9. Radio Canada International publishes contents in five languages. The language used in the forums has to be the same as the contents we publish. The usage of other languages, with the exception of some words, is forbidden. Messages that are off-topic will not be published.
  10. Making repetitive posts disrupts the flow of discussions and will not be tolerated.
  11. Adding images or any other type of file to comments is forbidden. Including hyperlinks to other websites is allowed, as long as they comply with netiquette. Radio Canada International  is in no way responsible for the content of such sites, however.
  12. Copying and pasting text written by someone else, even if you credit the author, is unacceptable if that text makes up the majority of your comment.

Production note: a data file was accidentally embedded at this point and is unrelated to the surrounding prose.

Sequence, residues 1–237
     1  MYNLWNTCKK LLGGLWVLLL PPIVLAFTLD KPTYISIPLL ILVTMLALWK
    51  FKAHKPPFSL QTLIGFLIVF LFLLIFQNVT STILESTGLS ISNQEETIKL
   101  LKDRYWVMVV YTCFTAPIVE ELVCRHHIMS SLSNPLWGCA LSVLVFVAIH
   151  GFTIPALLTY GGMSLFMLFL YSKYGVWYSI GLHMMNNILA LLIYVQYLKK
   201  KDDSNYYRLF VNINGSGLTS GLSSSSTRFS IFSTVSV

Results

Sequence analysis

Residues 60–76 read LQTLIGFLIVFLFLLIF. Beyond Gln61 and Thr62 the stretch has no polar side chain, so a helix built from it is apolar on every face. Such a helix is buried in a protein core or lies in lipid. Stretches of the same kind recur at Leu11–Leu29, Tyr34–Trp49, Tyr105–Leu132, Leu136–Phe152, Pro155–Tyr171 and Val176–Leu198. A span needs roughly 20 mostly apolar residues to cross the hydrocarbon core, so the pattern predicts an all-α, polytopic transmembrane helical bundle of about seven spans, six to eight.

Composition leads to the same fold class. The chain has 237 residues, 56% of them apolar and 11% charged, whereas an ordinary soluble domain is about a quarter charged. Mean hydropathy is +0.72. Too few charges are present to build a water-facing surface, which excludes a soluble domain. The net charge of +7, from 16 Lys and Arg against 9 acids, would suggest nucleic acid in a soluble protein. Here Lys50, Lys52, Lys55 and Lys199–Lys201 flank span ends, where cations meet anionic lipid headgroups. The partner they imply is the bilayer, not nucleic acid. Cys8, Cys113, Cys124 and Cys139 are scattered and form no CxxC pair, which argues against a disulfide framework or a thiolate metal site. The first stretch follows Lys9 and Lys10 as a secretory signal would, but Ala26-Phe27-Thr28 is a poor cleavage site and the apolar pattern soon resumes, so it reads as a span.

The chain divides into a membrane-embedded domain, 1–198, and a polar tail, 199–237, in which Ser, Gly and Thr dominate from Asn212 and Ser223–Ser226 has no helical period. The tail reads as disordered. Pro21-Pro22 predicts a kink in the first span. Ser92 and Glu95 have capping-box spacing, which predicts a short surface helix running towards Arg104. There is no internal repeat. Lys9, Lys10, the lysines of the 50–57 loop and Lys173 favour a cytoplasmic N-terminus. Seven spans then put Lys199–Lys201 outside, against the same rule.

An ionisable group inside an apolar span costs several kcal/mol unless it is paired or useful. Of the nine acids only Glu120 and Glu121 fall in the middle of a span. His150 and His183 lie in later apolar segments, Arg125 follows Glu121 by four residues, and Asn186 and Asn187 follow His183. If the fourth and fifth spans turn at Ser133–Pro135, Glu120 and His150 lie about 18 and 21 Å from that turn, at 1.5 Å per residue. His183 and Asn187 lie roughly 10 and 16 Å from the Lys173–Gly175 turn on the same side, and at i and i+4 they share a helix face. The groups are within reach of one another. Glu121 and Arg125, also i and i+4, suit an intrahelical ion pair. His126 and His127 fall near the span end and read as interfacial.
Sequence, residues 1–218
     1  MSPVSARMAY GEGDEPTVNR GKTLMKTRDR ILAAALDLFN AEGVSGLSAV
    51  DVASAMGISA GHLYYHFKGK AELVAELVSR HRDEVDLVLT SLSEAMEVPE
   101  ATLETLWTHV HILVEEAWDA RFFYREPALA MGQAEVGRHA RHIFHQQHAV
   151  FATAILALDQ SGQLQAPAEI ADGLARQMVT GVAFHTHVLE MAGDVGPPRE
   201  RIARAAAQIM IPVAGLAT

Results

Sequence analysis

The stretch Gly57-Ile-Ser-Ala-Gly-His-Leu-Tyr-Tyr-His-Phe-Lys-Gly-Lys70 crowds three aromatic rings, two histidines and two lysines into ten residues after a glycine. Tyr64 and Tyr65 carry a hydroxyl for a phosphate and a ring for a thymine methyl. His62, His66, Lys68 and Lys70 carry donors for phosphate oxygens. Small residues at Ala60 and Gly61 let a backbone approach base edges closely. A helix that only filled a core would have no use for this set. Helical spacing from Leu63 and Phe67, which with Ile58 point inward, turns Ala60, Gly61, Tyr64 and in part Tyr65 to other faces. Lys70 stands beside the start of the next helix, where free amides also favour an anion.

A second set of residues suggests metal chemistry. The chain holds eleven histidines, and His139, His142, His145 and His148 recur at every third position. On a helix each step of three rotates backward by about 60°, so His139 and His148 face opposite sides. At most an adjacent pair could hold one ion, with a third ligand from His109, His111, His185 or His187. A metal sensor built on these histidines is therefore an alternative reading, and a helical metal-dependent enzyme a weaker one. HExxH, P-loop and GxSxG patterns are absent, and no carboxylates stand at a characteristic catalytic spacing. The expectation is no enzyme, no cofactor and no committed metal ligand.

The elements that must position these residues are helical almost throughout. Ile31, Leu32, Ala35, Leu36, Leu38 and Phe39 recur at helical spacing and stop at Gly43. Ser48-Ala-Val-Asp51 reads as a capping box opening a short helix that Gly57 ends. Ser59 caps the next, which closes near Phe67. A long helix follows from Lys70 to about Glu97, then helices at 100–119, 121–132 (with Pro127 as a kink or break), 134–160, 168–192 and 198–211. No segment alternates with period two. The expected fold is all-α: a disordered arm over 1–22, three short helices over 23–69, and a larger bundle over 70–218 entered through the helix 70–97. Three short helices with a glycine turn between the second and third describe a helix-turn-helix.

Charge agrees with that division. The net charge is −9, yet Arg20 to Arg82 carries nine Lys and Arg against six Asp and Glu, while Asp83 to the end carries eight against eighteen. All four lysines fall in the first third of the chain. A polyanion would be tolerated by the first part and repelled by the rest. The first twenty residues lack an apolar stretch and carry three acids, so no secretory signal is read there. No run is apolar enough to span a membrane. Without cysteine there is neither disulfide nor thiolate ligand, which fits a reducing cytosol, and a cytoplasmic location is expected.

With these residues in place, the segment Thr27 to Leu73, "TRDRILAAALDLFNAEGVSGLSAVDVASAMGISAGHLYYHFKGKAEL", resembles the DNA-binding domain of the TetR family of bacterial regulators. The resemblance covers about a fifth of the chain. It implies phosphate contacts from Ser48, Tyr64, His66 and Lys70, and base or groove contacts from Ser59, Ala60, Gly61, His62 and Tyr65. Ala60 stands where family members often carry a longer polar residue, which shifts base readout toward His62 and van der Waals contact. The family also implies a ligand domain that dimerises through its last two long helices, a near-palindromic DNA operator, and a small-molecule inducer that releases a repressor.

13. Posting any type of advertising or call to action, in any form, to Radio Canada International  forums is prohibited.
  14. All comments and other types of content are moderated before publication. Radio Canada International  reserves the right to refuse any comment for publication.
  15. Radio Canada International  reserves the right to close a forum at any time, without notice.
  16. Radio Canada International  reserves the right to amend this code of conduct (netiquette) at any time, without notice.
  17. By participating in its online forums, you allow Radio Canada International to publish your comments on the web for an indefinite time. This also implies that these messages will be indexed by Internet search engines.
  18. Radio Canada International has no obligation to remove your messages from the web if one day you request it. We invite you to carefully consider your comments and the consequences of their posting.

*